Ready to start container gardening? Add some green life around your home with these 5 easy tips on container gardening for beginners!

Have you ever driven by a house with charming pots of plants leading up to its front door? Have you ever thought about creating the same look for your own house, but then felt completely overwhelmed while visiting your local nursery? With literally hundreds of plants to choose from, it can feel more than a little bit intimidating!

Container Gardening 101

Even so, container gardening is a wonderful way to bring a garden to your home, no matter if you live in an apartment, condo, mobile home, or two-story house on acreage. It’s also much easier than you might think! Another great benefit of container gardening is the ability to make it a one time expense and have the rewards for years to come. I’m going on year seven with two of my containers.

To make container planting a success for your home, just follow these five easy steps:

What container do you want to use to start Container Gardening? The most important feature is a drain hole in the bottom of the container.

1. Choose your container

The most important part of a container is that it has a drain hole, or is a material that can be drilled to provide a few drain holes. You can choose a more permanent container like a whiskey barrel or go for smaller containers you can move around your yard or porch. I’ve seen containers made from old boots or rusted out wheel barrows, bird cages, even old dresser drawers. My husband even hollowed out a round of wood for a Mother’s Day gift a few years ago. Be as creative as you like.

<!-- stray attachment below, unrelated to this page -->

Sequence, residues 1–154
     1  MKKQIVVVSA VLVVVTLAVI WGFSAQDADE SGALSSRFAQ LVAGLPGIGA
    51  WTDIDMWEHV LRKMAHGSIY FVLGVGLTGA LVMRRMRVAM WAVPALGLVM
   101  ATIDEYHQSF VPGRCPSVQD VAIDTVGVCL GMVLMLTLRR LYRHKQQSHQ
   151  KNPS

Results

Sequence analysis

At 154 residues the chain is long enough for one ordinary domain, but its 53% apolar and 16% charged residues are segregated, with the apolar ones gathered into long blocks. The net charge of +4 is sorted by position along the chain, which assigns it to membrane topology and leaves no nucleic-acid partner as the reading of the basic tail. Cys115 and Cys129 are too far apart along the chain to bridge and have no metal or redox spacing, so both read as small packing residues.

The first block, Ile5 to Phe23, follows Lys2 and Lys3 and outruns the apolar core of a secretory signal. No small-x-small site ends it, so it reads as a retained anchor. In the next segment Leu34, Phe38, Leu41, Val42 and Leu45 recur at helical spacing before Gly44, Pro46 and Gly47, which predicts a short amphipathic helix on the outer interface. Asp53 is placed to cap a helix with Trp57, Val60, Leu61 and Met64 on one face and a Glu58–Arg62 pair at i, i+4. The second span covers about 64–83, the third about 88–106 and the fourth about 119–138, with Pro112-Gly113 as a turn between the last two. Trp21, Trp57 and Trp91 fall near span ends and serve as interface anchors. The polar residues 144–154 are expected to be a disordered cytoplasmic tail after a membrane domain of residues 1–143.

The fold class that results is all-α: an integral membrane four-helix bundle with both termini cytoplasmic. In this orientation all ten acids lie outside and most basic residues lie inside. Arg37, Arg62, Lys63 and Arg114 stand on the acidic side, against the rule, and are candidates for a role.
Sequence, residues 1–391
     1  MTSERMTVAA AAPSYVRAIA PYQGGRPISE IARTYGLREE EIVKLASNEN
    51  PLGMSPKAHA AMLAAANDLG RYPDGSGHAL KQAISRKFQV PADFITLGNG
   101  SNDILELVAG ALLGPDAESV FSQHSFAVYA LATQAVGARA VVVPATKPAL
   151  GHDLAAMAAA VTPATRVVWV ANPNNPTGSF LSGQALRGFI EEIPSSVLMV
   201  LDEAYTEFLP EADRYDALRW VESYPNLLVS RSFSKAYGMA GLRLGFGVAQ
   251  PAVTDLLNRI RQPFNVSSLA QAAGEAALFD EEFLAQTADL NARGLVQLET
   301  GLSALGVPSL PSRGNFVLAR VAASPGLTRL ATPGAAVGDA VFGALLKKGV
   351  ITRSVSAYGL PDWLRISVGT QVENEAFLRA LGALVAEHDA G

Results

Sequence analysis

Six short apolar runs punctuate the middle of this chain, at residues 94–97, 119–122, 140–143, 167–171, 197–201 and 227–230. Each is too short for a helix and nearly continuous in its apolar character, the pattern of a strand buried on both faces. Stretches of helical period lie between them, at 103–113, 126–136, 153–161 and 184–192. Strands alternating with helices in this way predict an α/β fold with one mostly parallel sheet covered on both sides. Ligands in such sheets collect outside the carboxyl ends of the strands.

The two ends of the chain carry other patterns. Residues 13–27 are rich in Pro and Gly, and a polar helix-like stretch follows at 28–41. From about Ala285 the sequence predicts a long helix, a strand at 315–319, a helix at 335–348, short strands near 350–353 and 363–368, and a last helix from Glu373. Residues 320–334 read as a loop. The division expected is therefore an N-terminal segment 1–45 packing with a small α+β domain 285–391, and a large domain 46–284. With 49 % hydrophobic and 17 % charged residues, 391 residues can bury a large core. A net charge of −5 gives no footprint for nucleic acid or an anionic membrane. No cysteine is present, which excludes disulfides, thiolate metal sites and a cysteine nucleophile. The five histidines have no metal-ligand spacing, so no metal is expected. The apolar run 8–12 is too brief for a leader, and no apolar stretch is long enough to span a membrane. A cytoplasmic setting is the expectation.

There are so many different size, color, and shape containers to choose from when you start container gardening.

Be sure the container is large enough for the plants you want. If it’s especially deep, I advise putting rocks in the bottom to help with drainage, plus you won’t require as much soil. Speaking of soil…

Miracle-Gro organic choice potting mix is the perfect soil for Container Gardening for beginners.

2. Pick your soil wisely

If you’re only growing non-edible plants in your container, than almost any soil mix you pick is fine. I recommend going with a potting soil mix that will release plant food over time such as Miracle grow. But, if you’re going to grow edibles (free food anyone?) then I highly suggest using only organic compost or organic potting soil. Miracle Grow also has an organic option.

You can find soil mixes at any big box store in the garden section like K-Mart, Walmart, Fred Meyers, Home Depot, etc. Or head to a local plant nursery. The beauty of plant nurseries is you get plants grown in your region so they usually perform better. Nurseries will also have potting soil mixes and usually bags of compost available, too. Plus, the staff at nurseries will answer questions, give helpful advice, and specialize in plants.

You can purchase a good sized bag of organic potting soil for less than $10. Or, if you have a gardening friend who composts, they might be happy to give you a few shovel fulls to get you started.

Because plants in containers can’t absorb nutrients from the soil, it’s important to give them some type of food by the dirt you put inside the container. You can even add your own soil additives from some of your common kitchen scraps, check out re-using coffee grounds in your garden here.

The next step in container gardening for beginners is picking what plants to start with. Perennials are good options for beginner gardeners.

3. Choose your plants

This is where the fun really begins. If you want the most bang for your buck, then invest in perennials. Perennials come back every year, meaning you won’t have to purchase new plants every spring. Annuals die at the end of their growing season. However, some annuals are gorgeous and can be a fun way to punch up the color factor. You can mix and match perennials with annuals as well.

When first starting out with gardening, it’s best to buy starts and avoid growing from seeds. I recommend going with perennials to save yourself money and time over the long run.